The first half of the film moves along a fairly predictable track as Chance and Natasha follow various clues and eventually reveal the existence of Fouchon's nefarious organization, which has set its sights on another homeless veteran, Elijah Roper (Willie C. Carpenter), who happens to be one of Chance's friends. Also in the mix is May Mitchell (Kasi Lemmons), a police detective who has a decent heart, but is clearly in way over her head. The kind of scenario envisioned in Hard Target can only be remedied by a rogue agent like Chance, and that is precisely what he does in the film's second half, which finds him taking on Fouchon and his army of backwoods mercenaries, an endeavor in which he is aided by Natasha and Clarence Douvee (Wilford Brimley), his bayou shack-dwelling Cajun uncle.
And, if the climactic battle were not so good-so deftly choreographed, edited, and structured-then Hard Target would likely rank among so many of Van Damme's other subpar efforts from the early '90s. So much of the film threatens to sink into mediocrity, and at times Woo's visual stylings feel like misplaced punctuation, asserting themselves in a way that are too self-consciously isolated from the rest of the film. And yet, looking at Hard Target in hindsight, we can see that Woo was building up to the climax, escalating the action and driving the film's aesthetic more and more in line with his own until it finally explodes in the final 20 minutes, delivering a profusion of over-the-top action violence that, if not the equal of what he achieved in the church shoot-out-out in The Killer and the hospital bloodbath in Hard Boiled, is distinctly within their realm. Van Damme has to have his moments of martial arts action, swinging and flipping and roundhouse-kicking bad guys when temporarily out of bullets, but the action truly soars when guns are blazing and blood squibs are exploding (apparently, they blazed and exploded a bit too much for the MPAA, as the film had to go back to the editing room several times before they would give it an R rating). Where one bullet would suffice, we get twelve (or twenty).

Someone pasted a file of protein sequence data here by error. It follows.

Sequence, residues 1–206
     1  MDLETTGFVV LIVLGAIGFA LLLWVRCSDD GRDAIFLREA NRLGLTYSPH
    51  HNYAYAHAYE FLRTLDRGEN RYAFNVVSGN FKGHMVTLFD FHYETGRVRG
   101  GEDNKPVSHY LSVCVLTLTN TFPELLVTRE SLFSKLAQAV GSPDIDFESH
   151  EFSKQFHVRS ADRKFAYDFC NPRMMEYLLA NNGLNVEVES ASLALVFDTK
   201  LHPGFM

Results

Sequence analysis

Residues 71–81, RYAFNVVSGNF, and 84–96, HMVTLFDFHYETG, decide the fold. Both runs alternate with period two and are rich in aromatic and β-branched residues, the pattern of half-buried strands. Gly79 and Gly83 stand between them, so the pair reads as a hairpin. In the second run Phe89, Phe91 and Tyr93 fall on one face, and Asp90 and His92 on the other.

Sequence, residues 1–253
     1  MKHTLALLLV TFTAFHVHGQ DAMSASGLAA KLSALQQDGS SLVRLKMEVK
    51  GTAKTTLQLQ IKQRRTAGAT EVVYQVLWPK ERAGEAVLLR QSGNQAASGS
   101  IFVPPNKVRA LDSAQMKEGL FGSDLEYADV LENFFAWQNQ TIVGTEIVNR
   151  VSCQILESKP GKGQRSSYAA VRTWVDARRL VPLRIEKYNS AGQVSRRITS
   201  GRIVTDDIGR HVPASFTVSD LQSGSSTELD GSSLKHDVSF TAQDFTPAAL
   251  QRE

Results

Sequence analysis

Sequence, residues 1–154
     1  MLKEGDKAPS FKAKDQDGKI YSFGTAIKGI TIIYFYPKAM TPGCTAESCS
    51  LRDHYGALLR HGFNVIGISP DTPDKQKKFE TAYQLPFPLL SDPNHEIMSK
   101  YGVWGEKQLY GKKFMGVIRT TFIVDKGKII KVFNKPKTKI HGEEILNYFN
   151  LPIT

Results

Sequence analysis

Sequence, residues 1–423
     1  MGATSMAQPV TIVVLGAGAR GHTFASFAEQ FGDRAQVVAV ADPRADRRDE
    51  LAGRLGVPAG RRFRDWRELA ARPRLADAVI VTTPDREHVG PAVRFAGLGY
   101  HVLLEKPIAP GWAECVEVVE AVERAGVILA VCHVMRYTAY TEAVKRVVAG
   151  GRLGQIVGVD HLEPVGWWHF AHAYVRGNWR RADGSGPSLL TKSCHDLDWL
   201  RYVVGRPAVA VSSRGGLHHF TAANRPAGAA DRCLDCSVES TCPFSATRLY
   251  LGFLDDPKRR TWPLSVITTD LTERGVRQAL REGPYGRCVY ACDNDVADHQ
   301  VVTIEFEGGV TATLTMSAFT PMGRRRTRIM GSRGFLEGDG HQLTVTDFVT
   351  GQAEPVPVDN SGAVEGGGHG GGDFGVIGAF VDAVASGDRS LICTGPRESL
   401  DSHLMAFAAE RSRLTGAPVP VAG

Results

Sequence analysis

But, that is exactly what one should expect from a John Woo actioner. Woo is a master of excess, and any qualms the studio might have had about his ability to manage a major Hollywood production were put to rest with Hard Target, which, despite its shortcomings, is nevertheless an often exhilarating work. It features Van Damme-who had first rocketed to stardom as the so-called "Muscles From Brussles" in Bloodsport (1988)-at the peak of his marquee-toping prowess, and even though he still had a few good films ahead of him, Hard Target is arguably his peak as an action movie star. That stardom is certainly enhanced by Woo's direction, which accentuates Van Damme's screen presence in ways that no other director is likely to have imagined (such as having Chance enter the climactic battle in slow motion, blasting a shotgun while descending from the rafters of the warehouse on a giant papier mch bird). Like Van Damme, Woo was also at the height of his filmmaking prowess, although he was still a few years from his greatest Hollywood achievement, the sublimely absurd Face/Off (1996), which allowed to fully indulge all his proclivities. Hard Target was limited in this regard, but its best moments make the rest more than worth it.
Copyright © 2021 James Kendrick
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All images copyright © Kino Lorber / Universal Pictures
Overall Rating: (3)